Camp is an Adventure

Outdoor Adventure StruggleCamp is an adventure! It is because it gets girls outside for all kinds of exciting activities. Climb high up a real rock! Paddle a raft down through whitewater rapids. Sleep in the woods far from the “comforts of home.” These, and other outdoor activities, are just plain thrilling.

But why is that? What makes something a thrilling “adventure?”

The answer might be a little surprising, but it actually boils down to danger. It’s true; an adventure activity always carries a degree of risk. It’s an activity where we “take a risk in the hope of a favorable outcome” (as my dictionary puts it). So for example, rock climbing includes the risk of falling. Whitewater boating has the risk of capsizing, and when camping in the wilderness there’s always a chance of horrible weather (among other things!).

But of course adventure isn’t about getting hurt or experiencing some disaster (there’s safety training and equipment to help with that). It’s about avoiding danger despite the threat of it. Adventure is about overcoming the difficulty and conquering the fear associated with an activity.

Adventure activities are thrilling because we can actually do them despite the risk. Through our own efforts, applying specialized knowledge and skills, we succeed in the face of possible failure. Sure it might be a struggle, but it feels great. Yes, an adventure activity can be difficult, but also really exciting to face it and win!

That’s why, incidentally, adventure activities are so good for boosting kids’ confidence.

Being at Rockbrook provides so many great ways to be adventurous, opportunities to try activities that may look a little scary, but then with the right instruction, encouragement and role models, to also manage the risks and cope beautifully with the challenges involved. Very cool stuff!

Clyde Wins Outstanding Teacher Award!!

Clyde Carter Outstanding Experiential Education Teacher

We’re so pleased and proud to announce that Clyde Carter, our amazing Outdoor Adventure Director, has been named the Outstanding Experiential Education Teacher of the year by the Association for Experiential Education (AEE). This is an international award recognizing that Clyde has “demonstrated an active passion for experiential education principles and theories,” has “practiced innovative, experiential educational methodologies,” and has consistently shown “the highest ethical standards in working with students.” We knew Clyde had been nominated for this prestigious award, and recently that he had won. In late November, he accepted the award at the AEE International conference in Las Vegas, Nevada.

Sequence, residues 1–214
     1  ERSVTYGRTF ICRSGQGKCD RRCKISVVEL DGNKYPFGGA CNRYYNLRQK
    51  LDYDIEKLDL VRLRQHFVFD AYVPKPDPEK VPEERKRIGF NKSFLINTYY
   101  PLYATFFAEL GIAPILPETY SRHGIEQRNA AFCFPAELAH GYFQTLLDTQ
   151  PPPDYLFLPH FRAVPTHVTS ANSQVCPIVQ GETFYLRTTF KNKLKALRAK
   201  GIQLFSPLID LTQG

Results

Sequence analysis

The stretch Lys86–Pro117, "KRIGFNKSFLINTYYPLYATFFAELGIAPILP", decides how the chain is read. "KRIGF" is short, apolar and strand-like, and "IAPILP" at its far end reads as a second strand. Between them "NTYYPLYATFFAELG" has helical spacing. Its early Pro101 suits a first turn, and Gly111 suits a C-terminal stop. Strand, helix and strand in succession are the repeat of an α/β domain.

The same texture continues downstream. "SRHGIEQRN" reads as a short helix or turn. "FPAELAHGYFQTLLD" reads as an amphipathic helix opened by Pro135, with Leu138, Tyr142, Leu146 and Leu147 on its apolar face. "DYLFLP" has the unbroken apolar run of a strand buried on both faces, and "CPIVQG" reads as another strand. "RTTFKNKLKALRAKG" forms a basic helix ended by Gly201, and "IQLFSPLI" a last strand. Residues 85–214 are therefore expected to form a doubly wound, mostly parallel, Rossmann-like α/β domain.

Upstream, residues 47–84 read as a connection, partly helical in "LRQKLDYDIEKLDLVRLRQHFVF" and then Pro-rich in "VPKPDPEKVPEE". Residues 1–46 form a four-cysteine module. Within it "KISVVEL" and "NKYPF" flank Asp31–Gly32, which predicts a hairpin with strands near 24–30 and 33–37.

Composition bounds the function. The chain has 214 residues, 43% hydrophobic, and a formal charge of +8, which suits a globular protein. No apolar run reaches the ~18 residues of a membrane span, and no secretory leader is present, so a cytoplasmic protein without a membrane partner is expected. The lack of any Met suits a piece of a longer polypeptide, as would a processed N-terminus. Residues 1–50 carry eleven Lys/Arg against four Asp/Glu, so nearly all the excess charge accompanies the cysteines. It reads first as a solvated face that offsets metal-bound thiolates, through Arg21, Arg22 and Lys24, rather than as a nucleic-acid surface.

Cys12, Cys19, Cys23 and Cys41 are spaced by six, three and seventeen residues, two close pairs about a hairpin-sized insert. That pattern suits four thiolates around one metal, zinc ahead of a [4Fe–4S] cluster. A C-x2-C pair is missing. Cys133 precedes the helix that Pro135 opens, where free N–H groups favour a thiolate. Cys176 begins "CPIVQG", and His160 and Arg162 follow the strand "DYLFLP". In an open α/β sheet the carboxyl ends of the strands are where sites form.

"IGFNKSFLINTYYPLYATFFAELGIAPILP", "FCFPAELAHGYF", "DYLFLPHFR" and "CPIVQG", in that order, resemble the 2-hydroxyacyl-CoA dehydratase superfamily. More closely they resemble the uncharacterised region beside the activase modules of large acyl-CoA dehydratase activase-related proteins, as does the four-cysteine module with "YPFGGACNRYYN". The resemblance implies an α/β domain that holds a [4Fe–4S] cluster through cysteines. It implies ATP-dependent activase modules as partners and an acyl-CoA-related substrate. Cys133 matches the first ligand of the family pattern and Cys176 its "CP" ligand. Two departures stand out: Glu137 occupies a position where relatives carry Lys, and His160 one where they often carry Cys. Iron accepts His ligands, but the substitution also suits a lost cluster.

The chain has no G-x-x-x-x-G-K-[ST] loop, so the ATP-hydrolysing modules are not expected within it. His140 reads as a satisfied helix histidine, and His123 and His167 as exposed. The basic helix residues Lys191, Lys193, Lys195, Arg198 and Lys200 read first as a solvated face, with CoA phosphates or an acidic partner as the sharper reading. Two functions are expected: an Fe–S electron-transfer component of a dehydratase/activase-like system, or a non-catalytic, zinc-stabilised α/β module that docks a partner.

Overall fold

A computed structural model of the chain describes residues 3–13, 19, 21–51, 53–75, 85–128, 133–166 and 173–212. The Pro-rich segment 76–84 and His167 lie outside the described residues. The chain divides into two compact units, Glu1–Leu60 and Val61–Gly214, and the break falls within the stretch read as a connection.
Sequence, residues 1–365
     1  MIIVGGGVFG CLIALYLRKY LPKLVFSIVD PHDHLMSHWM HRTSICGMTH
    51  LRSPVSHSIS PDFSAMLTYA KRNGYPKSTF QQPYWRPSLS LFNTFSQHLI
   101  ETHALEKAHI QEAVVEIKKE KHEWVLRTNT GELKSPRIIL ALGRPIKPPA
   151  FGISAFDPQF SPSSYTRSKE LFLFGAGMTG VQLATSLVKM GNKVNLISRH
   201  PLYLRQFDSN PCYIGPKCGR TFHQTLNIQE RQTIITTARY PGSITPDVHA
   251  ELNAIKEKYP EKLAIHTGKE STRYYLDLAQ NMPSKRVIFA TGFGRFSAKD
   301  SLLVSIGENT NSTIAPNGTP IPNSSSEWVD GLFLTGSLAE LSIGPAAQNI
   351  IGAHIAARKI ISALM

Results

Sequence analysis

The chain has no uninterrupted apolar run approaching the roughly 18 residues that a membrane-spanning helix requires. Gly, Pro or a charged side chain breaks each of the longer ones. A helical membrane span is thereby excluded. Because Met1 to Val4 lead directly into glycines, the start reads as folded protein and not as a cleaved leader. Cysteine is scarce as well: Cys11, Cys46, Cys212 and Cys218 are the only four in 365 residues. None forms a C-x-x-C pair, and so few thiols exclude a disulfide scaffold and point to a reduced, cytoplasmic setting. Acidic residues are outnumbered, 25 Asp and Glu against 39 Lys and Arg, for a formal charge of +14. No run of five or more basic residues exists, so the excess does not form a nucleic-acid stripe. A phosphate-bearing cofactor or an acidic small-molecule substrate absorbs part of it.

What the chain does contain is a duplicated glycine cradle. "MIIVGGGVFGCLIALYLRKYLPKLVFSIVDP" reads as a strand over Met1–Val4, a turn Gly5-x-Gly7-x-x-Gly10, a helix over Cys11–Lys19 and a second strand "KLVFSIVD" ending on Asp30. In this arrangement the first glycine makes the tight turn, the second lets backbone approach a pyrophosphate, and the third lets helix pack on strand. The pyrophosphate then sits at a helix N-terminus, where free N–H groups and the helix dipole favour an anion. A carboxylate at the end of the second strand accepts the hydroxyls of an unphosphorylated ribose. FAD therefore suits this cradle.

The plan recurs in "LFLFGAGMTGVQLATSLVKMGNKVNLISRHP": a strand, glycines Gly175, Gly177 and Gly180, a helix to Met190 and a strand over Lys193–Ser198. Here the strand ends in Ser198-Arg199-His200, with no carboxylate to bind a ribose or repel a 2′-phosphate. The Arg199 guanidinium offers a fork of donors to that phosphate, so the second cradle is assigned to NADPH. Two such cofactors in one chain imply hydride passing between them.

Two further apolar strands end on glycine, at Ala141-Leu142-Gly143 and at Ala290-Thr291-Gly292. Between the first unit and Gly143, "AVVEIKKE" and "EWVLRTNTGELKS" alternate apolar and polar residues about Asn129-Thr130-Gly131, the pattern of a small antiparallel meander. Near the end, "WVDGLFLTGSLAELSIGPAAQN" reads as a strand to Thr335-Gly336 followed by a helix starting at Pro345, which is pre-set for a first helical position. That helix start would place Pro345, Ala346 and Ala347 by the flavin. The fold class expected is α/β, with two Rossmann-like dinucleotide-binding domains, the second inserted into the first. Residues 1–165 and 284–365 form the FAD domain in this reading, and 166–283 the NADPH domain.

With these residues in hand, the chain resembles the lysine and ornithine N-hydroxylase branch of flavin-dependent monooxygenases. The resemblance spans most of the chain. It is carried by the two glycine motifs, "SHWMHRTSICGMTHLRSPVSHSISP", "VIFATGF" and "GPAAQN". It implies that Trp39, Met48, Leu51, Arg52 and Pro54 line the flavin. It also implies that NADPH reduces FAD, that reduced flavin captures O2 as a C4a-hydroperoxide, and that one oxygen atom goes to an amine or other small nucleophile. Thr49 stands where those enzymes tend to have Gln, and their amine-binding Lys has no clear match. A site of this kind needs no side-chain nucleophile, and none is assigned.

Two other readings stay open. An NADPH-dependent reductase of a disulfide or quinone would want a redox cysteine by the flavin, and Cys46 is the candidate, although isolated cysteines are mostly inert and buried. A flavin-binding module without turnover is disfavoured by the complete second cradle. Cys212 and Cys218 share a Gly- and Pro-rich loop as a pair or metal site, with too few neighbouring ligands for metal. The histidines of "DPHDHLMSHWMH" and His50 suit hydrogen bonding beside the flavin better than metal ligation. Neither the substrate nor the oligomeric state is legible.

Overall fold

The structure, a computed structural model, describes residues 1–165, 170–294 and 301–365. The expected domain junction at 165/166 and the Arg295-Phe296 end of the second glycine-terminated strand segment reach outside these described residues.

In addition to working full time in the summer as Rockbrook’s Adventure Director, Clyde is an Associate Professor of Recreation/Wilderness Leadership and Experiential Education at Brevard College. In 1989, with encouragement from Jerry Stone, Rockbrook’s Director at the time, Clyde came to Brevard to establish the College’s Outdoor Leadership major, one of it’s most popular offerings. He helped develop Brevard College’s Voice of the Rivers (VOR) program in 1997 and led expeditions in 1999 and 2008.  Throughout the year you can find Clyde teaching courses on Risk Management, Experiential Education, Wilderness Leadership, as well as Rock Climbing and Kayaking.

Congratulations Clyde!

A Longer School Year?

Camp Learning Outdoor Wonder

The issue of summer learning and “student achievement” has popped back up in the news. Yesterday, President Obama gave an interview and said he favored lengthening the school year (and of course, shortening the summer break from school). He suggested American kids were falling behind because other developed countries go to school more of the year—the assumption here being we all would be smarter and achieve more if we stayed in school for more classroom learning.

Apparently quoting his Education Secretary, Arne Duncan, Mr. Obama also cited studies showing students “losing what they learned” after taking the summer off, with the effects being particularly significant for poorer children who don’t have opportunities to learn when away from school. “A longer school year makes sense,” he concluded. Here’s an article where you can read more and see the video.

Of course, it’s impossible to convey the full complexity of this issue in a 30-second answer, and while easily debatable, it’s clear that making a “longer school year” the centerpiece of education reform is a direct threat to the American tradition of summer camp. The American Camp Association was quick to say as much and question the President’s opinion. According to the ACA, children receive crucial educational benefits from their experiences at camp; they learn things they can’t learn at school, and if we are concerned with educating the “whole child” we shouldn’t extend classroom learning, but instead broaden the opportunities for all children to benefit from camps and other summer experiential programs.

Many questions are yet to be answered. Should we model our school calendar on the values and assumptions of other countries and cultures? Should we sacrifice the benefits of non-classroom learning that can occur in the summer for the enhanced academic/intellectual learning gained from more school time? Do we really value science knowledge over resilient self-esteem, and mathematics over caring, compassion and teamwork? Could the expense of extending the school year be better applied to fund summer camps and experiential outdoor programs?

In education reform, let’s not be too quick to adopt this kind of simple solution that carries too many negative consequences for our children. Instead, let’s be creative with the whole child in mind. Let’s start by recognizing “multiple intelligences,” and from there seek to encourage every child to explore all of their talents and hidden abilities. Let’s remember that education is so much more than what school provides.